County roads flood; usual spots inundated with rain, snowmelt
ADDISON COUNTY — While some low-lying parts of Addison County and Brandon saw streams and rivers overflow their banks, this area so far has been spared the deluge that steady rain and snowmelt brought to parts of Vermont this past weekend.
With some spring rains forecast for the coming week, weather watchers are asking local residents to be aware of water levels in their neighborhoods.
So far, flooding in this part of the state has occurred in spots. Swamp/Creek Road in Cornwall/Salisbury saw some flooding, as did Old Jerusalem Road in Leicester, and farm fields on low ground. But “the story here is very minor flooding and damage,” said Adam Lougee, executive director of the Addison County Regional Planning Commission.
WHILE FLOODING WASN’T as bad in Addison County as it was in other parts of Vermont, typical spring flooding swamped areas like this field beside Route 7 at the Salisbury/Leicester town line. Below, high waters on the low ground behind the Middlebury Recreation Center off Creek Road flooded Middlebury Union High School baseball field and prompted the school to postpone some games and move another to Mount Abe.
Independent photo/Steve James
The Leicester-Whiting Road also saw a little water, but was not closed, he said.
“We made calls Thursday, Friday and Saturday to monitor things, but there was mostly no impact,” Lougee said.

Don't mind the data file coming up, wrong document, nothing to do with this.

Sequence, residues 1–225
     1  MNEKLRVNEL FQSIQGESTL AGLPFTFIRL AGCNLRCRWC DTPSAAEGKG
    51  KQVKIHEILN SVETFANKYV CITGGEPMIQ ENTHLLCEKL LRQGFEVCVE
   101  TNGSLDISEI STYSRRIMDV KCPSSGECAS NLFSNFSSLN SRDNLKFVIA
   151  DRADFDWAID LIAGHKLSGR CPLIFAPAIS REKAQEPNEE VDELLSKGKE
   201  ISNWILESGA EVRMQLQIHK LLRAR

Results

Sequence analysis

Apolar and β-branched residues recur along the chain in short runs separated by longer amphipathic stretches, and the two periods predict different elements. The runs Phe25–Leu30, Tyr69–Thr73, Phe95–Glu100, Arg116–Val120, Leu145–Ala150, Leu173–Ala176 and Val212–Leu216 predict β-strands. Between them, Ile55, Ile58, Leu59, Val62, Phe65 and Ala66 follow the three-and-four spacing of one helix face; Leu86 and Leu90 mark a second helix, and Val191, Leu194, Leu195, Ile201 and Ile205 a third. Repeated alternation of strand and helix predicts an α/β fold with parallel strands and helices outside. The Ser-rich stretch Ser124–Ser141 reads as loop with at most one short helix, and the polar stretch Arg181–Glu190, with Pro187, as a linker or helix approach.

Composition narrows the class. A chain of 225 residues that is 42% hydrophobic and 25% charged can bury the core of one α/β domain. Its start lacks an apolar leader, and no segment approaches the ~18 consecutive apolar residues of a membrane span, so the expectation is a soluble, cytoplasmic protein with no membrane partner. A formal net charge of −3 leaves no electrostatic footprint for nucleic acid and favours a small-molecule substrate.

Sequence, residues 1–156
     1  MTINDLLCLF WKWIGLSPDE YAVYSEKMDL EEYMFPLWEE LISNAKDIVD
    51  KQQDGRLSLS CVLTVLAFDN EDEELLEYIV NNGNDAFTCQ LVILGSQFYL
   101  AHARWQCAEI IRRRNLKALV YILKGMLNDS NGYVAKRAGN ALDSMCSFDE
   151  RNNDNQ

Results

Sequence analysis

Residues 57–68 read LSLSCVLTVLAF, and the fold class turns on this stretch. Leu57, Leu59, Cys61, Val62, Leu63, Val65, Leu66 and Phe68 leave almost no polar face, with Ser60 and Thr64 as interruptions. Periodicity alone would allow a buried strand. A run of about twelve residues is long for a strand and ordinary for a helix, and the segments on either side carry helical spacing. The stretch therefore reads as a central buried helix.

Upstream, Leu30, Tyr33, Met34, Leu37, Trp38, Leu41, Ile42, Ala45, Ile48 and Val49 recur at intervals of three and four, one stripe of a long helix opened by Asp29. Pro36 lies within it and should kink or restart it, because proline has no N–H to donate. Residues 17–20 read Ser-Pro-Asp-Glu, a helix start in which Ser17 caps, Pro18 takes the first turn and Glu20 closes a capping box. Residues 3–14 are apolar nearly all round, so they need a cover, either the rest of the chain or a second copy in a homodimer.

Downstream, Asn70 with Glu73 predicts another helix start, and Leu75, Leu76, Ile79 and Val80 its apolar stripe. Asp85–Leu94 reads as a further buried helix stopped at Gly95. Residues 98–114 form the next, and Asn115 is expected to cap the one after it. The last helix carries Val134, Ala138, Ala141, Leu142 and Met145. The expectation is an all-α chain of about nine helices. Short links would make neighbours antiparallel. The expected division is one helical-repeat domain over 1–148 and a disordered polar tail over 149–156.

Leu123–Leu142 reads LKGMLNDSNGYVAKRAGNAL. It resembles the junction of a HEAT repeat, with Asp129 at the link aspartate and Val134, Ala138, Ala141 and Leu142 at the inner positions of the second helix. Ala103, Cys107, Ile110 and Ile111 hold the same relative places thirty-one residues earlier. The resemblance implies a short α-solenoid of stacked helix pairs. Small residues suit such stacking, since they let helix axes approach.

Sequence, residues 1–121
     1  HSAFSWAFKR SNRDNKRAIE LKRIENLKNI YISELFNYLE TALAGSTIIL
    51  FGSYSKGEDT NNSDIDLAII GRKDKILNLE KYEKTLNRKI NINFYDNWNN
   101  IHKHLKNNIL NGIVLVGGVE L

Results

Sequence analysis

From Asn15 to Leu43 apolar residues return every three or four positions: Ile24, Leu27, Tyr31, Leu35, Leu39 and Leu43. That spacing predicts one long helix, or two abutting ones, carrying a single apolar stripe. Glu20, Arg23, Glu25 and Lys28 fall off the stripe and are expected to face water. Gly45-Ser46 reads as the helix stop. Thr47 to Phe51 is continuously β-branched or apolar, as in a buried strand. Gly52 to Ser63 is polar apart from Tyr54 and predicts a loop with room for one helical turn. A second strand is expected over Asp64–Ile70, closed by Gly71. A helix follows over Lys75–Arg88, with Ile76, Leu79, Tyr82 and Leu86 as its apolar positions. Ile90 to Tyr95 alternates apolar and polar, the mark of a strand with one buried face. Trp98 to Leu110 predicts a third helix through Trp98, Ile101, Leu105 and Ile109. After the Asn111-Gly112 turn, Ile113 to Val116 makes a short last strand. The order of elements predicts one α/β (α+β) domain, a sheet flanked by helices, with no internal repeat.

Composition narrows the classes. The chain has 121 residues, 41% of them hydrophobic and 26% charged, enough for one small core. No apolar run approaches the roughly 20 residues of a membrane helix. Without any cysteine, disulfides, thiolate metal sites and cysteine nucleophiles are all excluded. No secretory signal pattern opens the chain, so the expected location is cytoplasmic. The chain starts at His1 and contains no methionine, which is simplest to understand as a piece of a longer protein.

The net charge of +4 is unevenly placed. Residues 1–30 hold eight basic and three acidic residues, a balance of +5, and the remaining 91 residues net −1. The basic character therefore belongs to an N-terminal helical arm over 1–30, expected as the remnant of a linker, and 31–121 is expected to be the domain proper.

According to Mark Bosma at the Vermont Agency of Transportation, the nearest state road to flood was Route 73 in Brandon.
“Most of the flooding was in the north of the state,” he said. “Cambridge, Lyndonville.”
In Burlington, Lake Champlain reached flood stage — 100 feet — Sunday morning, and kayakers were seen cruising over parts of the waterfront sidewalk later in the day.
By Wednesday the lake had risen to 100.6 feet, according to the U.S. Geological Survey, and was expected to continue rising. A flood warning issued by the National Weather Service for the northern part of the lake was expected to remain in effect through the weekend.
Farther south, however, Addison County towns reported the all-clear on Monday. Shoreham and Ferrisburgh saw a little water on the roads — or along the edges — but not enough to close them. Panton and Addison saw no flooding.
Bristol’s Department of Public Works took care of one small washout on Carlstrom Road, according to town administrator Valerie Capels, but it didn’t cause significant damage.
On Sunday Lemon Fair Road in Weybridge was closed between Bittersweet Falls Road and Snake Mountain Road because the bridge over the river was flooded, according to Weybridge resident Kevin Commins.
Readers posted four photographs to the Independent’s Facebook page, including one that showed flooding on Route 23 in Weybridge.
In Middlebury, east of the covered bridge, Otter Creek seeped into backyards but did not cause any flooding to nearby homes.
Otter Creek also crept toward a residence near Macdonough Park in Vergennes, but by Tuesday night it had begun to recede without causing any damage, according to Public Works Supervisor Jim Larrow.
Though additional rain is expected this weekend, Larrow didn’t predict the city would see any additional trouble.
“We’re used to this sort of thing,” Larrow said. “It happens every year.”
Reach Christopher Ross at [email protected].
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